from them whether to earn an income or as a hobby. I guess it depends on
what gives you more satisfaction; a twenty dollar bill in your pocket or an
acquaintance saying "look what I made with the router you gave me!"
On Mon, 03 Nov 2003 14:16:08 +0000, Edwin Pawlowski wrote:
In moving and downsizing, I no longer had room for the vacuum tube ham
gear I had built/bought in the early sixties. A fellow from halfway
across the country wanted to put together a "vintage" station and took the
stuff off my hands for the shipping costs. Sure made me feel better than
putting the stuff in the dumpster.
I don't go to Estate sales or Auctions - they depress the hell out'a me.
Auctions especially - grew up in Farm Country and saw too many family farms
sold off one bolt at a time.
I think the original owner would be pleased that some one like you received
them. Treat them with the same care that he did. Think about him from time
to time when you pick one up.
Who could ask for more than that?
I'm 63, retired and have a model shop, my wife has joked about the great
vacation she'll have from the sell of my tools after I'm gone. My shop has
given me a great deal of pleasure and while I'm still able I'll continue to
enjoy my hobby and share the fruites of my labors with family, friends, and
charities. I'm certainly not in any rush to die, but die I will. I would
hope that some of my shop treasures will be passed down to family, beyond
that I could care less. It really isn't about what happens to my stuff when
I'm gone it's about what I'm doing with it while I still live. I know the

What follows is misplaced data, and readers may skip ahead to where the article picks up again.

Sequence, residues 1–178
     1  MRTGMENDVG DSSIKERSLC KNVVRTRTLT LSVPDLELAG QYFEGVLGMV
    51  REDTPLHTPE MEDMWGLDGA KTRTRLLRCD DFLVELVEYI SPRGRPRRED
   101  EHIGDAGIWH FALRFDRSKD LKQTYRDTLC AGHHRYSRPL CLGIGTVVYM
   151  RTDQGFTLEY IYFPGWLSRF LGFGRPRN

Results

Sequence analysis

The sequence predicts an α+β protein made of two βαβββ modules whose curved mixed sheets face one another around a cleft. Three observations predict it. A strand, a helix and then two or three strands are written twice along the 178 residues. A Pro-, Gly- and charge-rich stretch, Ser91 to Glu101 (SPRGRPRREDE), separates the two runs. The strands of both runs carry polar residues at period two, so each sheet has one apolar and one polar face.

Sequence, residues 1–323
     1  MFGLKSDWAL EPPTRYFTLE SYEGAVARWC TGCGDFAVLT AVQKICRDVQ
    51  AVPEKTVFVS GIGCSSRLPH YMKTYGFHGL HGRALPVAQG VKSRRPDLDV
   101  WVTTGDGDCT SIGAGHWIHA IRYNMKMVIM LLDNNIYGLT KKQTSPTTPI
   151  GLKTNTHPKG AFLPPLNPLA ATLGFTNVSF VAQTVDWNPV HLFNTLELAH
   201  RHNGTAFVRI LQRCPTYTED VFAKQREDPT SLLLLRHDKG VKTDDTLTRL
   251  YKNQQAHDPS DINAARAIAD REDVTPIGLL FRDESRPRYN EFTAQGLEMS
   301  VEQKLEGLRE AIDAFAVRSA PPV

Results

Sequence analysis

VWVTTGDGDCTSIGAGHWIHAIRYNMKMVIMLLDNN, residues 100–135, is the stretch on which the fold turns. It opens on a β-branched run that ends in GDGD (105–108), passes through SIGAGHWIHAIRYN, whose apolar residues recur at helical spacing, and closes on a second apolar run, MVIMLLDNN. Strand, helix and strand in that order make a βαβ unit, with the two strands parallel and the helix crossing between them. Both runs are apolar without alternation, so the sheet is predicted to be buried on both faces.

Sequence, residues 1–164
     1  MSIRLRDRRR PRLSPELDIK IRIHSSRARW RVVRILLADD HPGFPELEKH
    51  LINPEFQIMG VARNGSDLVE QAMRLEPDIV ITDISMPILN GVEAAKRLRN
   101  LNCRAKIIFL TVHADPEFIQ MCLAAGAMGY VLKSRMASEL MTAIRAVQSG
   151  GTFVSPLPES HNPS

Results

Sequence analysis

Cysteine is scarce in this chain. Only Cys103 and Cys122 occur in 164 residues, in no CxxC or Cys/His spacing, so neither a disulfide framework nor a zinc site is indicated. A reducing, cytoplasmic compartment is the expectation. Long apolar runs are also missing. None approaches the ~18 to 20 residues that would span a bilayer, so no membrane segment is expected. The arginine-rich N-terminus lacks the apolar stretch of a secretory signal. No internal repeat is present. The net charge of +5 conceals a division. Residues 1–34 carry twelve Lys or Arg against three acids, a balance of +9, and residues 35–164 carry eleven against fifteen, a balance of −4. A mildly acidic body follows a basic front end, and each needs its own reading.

gifts from my shop are appreciated, the tools and what skills I've gained
important to me but have little value to most people unless I use them.
Naturally I take good care of my tools and have enjoyed restoring a number
of old deralict tools to display and use, and I've even made replicas of old
hand tools just for the pleasure of having something I couldn't otherwise
afford. The tools are for my enjoyment and the sense of accomplishment
gained from using them to the best of my ability to make something that
sombody else can take pleasure in. So if you want some of my tools when I
die more power to you, I will already gotten everything I could hope to get
My dad was an A&P too and just about anything else he wanted to try his hand at,
masonry, cabinet work, etc. He passed when I was 20 and my sibs and I scrapped
over his tools, it really sucked. Now that I've established a solid collection
of tools and my woodworking has surpassed the sorts of thing my dad ever
attempted, my sibs want me to have his things again and make use of them again.
Oddly enough my Dad's tools don't mean as much to me now, my own tools mean more
and many of them were bought at estate sales. What's sad is that I can't share
with my younger sibs the memories of using those great old tools with my Dad
while working on people's homes in our community.
Basically I just hope that I don't own anything anyone will fight over when I'm
Leave the tools and stuff to a youth club, school, inner city training
centre, charitable group... that will ensure that they are put to good use.
Let the relatives squabble over the stuff you don't care about.